KP: For many decades now, Cartier watches have been known to be neither stereotypically masculine nor feminine—how often (if at all!) does gender come into play when creating new timepieces?

PR: For Cartier, the design leads the way, and gender comes second. Nevertheless, some watches have been specifically designed for a woman, with a jeweler's attention to femininity (For example, Maillon de Cartier, Baignoire, etc.) In any case, every time a model is perceived as a strong, masculine statement, it’s taken and adapted immediately by women as well.

On Wrist Pasha de Cartier // As seen in the pages of VMAN44

KP: After going through a period of being discontinued since its debut back in 1985, the Pasha has returned in a big way! What prompted the reawakening of this memorable timepiece? What are some updated features that we can expect?

PR: Pasha de Cartier used to be a best-seller for the Maison, reaching more than 20% of total watch sales in the 2000s. With the launch of Ballon Bleu in 2007 and its unprecedented success, the Maison decided to focus on this new round shape with its singular aesthetic and its range development. The new Pasha keeps its original proportions and codes (square in a round dial, diamond-shaped hands, screw-down crown cap attached to the case by a small chain, Clou de Paris on the bracelet, and big Arabic numerals), but definitely includes modern add-ons. A new crown, hidden under the signature, cabochon set crown cover – is also set with a blue spinel or sapphire – creating a duo of blue that adds sophistication to the watch.  A visible movement via a transparent case back: the case back reveals the automatic calibre 1847 MC of the Pasha watch.  A new clasp in the shape of a chain link attached to the crown that opens to reveal a hidden and secret part where initials can be engraved. A new interchangeable strap: in steel, gold, or leather, all versions can be interchanged thanks to the Cartier QuickSwitch system (patented). Discreetly located under the case, it is activated by a single push.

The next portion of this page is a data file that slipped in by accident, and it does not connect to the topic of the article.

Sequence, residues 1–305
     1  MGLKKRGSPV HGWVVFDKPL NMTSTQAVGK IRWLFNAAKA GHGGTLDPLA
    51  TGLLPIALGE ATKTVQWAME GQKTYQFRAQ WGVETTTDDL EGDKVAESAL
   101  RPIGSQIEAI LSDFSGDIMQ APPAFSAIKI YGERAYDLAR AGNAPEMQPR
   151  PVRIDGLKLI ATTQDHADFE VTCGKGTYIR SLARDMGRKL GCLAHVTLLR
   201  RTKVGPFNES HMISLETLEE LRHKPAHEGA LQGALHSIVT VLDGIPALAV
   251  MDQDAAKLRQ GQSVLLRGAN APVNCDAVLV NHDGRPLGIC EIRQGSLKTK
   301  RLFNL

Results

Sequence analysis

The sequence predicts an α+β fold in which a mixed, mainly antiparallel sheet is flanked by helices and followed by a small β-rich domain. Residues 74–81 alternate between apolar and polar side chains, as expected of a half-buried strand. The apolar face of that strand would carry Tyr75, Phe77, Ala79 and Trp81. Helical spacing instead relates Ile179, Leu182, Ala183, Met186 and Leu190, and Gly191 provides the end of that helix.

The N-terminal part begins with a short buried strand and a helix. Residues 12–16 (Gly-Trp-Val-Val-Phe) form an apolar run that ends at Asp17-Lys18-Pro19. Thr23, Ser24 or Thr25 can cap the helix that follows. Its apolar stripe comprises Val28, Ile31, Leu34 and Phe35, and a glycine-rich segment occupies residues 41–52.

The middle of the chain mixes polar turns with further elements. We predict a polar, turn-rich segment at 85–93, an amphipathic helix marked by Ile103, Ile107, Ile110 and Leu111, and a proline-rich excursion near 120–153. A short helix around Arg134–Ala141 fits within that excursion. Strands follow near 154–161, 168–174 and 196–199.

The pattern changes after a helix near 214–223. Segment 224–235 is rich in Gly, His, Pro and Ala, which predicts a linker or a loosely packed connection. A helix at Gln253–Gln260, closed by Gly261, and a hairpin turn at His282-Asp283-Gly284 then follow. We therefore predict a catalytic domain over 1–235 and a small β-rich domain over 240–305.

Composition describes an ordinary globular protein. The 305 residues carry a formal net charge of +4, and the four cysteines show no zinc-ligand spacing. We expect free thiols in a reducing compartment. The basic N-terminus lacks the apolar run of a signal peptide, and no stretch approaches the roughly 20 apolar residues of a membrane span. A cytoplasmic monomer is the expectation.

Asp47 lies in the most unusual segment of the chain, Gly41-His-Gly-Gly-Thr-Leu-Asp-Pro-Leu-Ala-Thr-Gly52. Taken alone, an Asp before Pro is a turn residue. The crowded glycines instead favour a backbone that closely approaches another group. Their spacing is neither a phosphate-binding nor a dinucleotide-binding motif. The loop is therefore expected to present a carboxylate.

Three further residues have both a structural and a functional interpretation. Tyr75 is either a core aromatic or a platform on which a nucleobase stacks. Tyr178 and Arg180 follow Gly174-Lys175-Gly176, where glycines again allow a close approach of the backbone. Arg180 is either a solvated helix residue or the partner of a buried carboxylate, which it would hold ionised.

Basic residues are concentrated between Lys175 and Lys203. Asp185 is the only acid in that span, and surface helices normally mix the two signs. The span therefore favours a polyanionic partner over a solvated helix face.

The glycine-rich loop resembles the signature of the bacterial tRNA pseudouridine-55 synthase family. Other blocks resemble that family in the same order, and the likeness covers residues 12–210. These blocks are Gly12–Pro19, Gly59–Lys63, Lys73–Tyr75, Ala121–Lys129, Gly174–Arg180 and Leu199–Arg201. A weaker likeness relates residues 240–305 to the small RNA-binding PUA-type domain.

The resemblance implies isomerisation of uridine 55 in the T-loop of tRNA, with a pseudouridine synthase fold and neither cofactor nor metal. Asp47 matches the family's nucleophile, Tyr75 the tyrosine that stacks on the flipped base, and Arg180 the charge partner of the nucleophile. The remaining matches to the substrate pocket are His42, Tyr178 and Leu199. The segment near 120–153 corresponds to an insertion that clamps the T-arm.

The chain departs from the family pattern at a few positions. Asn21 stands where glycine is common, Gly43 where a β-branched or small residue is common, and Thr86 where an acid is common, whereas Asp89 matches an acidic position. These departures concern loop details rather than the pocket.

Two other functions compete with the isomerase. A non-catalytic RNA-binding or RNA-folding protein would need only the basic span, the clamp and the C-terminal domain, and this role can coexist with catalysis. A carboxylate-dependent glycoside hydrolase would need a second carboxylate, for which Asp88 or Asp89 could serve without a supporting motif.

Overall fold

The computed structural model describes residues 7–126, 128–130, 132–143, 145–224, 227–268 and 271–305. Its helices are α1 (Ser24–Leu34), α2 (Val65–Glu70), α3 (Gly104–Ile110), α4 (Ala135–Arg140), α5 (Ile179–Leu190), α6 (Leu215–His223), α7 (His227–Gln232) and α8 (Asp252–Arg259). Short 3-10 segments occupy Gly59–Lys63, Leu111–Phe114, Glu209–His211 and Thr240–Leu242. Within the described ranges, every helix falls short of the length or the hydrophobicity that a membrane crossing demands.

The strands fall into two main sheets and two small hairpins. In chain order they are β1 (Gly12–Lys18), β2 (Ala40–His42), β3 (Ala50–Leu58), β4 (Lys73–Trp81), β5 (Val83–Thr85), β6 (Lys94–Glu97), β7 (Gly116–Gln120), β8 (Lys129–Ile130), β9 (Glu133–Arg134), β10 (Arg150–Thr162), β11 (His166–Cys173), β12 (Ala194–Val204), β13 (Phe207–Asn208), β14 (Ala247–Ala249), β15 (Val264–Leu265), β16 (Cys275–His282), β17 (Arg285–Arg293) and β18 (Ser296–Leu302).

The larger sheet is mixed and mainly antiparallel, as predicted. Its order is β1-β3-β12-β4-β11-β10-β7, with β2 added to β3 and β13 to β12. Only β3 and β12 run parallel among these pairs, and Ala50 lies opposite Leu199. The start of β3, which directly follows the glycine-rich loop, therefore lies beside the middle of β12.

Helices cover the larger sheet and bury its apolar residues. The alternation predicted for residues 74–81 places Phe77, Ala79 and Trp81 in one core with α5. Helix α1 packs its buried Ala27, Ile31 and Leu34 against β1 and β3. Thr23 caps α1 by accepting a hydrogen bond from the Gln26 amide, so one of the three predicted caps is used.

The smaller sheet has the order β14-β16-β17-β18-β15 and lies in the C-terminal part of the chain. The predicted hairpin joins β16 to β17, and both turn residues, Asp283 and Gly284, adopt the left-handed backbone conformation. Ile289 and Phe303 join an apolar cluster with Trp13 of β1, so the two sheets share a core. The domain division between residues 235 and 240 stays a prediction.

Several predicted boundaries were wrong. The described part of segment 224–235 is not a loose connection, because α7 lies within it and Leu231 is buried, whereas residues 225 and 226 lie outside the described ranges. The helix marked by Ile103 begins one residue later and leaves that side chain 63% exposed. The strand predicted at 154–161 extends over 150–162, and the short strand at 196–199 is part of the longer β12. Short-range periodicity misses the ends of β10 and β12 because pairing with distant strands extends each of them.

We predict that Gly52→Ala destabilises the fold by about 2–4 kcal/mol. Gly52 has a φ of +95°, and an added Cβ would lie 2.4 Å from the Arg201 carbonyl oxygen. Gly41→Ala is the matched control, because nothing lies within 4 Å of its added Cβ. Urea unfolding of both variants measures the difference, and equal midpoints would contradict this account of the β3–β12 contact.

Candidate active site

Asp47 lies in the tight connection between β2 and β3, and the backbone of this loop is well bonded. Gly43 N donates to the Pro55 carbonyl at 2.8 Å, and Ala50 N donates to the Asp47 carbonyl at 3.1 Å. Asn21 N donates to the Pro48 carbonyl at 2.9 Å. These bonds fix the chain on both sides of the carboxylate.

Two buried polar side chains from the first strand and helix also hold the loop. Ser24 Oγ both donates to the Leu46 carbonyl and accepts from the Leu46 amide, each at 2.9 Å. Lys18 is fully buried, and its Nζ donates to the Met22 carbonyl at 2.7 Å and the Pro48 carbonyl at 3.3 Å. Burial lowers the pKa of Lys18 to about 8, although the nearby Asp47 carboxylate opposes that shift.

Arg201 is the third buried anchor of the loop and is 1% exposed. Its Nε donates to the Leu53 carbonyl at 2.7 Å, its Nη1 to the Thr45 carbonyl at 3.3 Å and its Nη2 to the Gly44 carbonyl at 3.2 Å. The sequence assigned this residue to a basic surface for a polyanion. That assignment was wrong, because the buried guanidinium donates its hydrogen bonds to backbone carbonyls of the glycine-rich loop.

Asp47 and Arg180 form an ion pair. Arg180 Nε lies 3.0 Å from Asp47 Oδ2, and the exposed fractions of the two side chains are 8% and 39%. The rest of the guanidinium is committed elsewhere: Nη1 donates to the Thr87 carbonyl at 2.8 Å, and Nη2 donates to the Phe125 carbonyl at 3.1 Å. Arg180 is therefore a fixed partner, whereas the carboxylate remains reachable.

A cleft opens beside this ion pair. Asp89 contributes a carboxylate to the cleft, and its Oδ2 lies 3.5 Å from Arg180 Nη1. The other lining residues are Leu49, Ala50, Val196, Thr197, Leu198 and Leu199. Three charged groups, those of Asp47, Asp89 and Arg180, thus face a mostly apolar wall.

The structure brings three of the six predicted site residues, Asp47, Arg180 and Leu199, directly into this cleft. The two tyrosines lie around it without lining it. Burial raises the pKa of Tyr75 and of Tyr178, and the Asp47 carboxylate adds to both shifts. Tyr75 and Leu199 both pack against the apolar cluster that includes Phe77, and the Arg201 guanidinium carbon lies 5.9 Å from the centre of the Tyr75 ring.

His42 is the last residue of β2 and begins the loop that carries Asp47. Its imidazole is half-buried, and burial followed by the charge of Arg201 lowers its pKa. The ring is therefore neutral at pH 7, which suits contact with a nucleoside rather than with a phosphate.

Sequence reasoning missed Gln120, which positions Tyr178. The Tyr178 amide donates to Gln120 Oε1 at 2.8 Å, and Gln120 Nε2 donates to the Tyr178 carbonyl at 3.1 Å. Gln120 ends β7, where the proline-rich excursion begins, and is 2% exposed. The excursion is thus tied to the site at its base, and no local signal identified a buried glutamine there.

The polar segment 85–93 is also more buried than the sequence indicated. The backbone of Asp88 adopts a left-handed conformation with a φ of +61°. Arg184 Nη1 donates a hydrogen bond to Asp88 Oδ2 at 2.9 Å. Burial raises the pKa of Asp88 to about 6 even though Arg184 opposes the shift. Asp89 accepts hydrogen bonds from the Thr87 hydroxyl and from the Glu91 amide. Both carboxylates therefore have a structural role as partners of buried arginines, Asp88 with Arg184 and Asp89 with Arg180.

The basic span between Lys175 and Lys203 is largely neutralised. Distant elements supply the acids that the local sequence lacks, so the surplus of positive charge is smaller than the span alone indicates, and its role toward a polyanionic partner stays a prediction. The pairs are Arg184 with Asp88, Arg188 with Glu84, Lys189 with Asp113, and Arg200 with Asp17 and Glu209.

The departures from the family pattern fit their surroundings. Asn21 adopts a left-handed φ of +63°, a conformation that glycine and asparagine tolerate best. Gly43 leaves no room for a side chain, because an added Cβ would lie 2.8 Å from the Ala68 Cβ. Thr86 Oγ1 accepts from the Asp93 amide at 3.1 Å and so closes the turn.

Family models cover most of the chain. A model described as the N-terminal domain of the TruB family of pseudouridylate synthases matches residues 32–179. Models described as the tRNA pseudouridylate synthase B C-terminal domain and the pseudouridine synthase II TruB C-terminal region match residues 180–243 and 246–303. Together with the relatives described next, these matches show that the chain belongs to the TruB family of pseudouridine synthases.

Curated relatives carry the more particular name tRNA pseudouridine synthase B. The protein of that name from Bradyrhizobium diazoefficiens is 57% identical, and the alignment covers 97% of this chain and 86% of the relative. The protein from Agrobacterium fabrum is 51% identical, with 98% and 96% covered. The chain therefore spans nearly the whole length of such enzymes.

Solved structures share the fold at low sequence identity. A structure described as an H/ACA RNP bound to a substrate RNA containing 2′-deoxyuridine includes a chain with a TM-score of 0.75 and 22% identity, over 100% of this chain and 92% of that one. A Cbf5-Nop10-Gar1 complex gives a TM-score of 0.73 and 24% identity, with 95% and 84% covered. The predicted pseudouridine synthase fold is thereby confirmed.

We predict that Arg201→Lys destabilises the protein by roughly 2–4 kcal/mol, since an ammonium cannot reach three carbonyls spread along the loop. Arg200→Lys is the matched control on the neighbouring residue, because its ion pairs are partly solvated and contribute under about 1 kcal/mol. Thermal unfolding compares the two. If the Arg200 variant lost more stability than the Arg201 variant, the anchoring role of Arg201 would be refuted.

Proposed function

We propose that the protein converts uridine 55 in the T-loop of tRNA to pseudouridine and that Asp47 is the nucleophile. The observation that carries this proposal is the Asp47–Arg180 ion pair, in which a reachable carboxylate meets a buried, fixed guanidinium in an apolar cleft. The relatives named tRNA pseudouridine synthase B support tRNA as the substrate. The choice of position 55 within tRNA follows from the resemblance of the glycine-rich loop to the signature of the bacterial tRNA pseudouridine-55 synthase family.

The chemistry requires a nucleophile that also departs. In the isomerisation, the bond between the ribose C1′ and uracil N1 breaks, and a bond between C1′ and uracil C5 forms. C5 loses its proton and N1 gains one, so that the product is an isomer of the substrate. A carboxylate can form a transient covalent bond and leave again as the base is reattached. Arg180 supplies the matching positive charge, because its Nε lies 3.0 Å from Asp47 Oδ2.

KP: The new Pasha watch has a slightly new sleeker bezel and band—nearly making the timepiece resemble jewelry that Cartier is also known for. What was the thought process in making these slight updates?

PR: Updates we do on our creations depend on relevance at a certain period of time. We wanted a contemporary feeling to the new Pasha de Cartier watch. The idea of balance evolves with time, and we perceive that the Pasha de Cartier watch is more balanced this way for the years to come. It’s always a challenging exercise to make a strong design evolve, while still remaining faithful to the original, and remaining relevant in the eyes of today.

KP: To me, all of Cartier’s watches carry their own personality. If you had to describe these watches in just a few words, how would you do so: 

PR: Tank: "The epitome of elegance, while research for purity"

Santos: "The audacity & boldness of a pioneer"

Ballon: "Its softness and pebble shape makes it unique in the world of round watches (even the crown is included in a circle)"

Ronde as the Rotonde: "Elegant, classic, timeless"

Cle: "Crown innovation"

Tortue: "Style exercise on shapes, square and round; family geometry"

Drive: "Aesthete, Elegant, Stylish"

Baignoire: "Signature, Cult Chic"

Panthère: "Bijou, Feline, Stylish"

KP: With Cartier's undying legacy in the watchmaking realm, how do you see the brand evolving and keeping up with the ever-changing trends?

PR: The success of Cartier watchmaking pays tribute to the vision of Louis Cartier and his innate trust in strong designs. We believe strong designs are the best guarantee for the sustainability of creation. We apply the same philosophy to our new creations today which will hopefully be tomorrow’s classics. It’s not a question of a trend, but the feeling of relevance and of well-balanced beauty. And the idea of beauty constantly evolves. We are sticking to our own values and aiming at long-lasting designs.

Discover the new Pasha de Cartier HERE


Damien Hirst Creates Limited Edition Prints to Aid Italian Children Affected by the Pandemic
The initiative is met with full support from Fondazione Prada.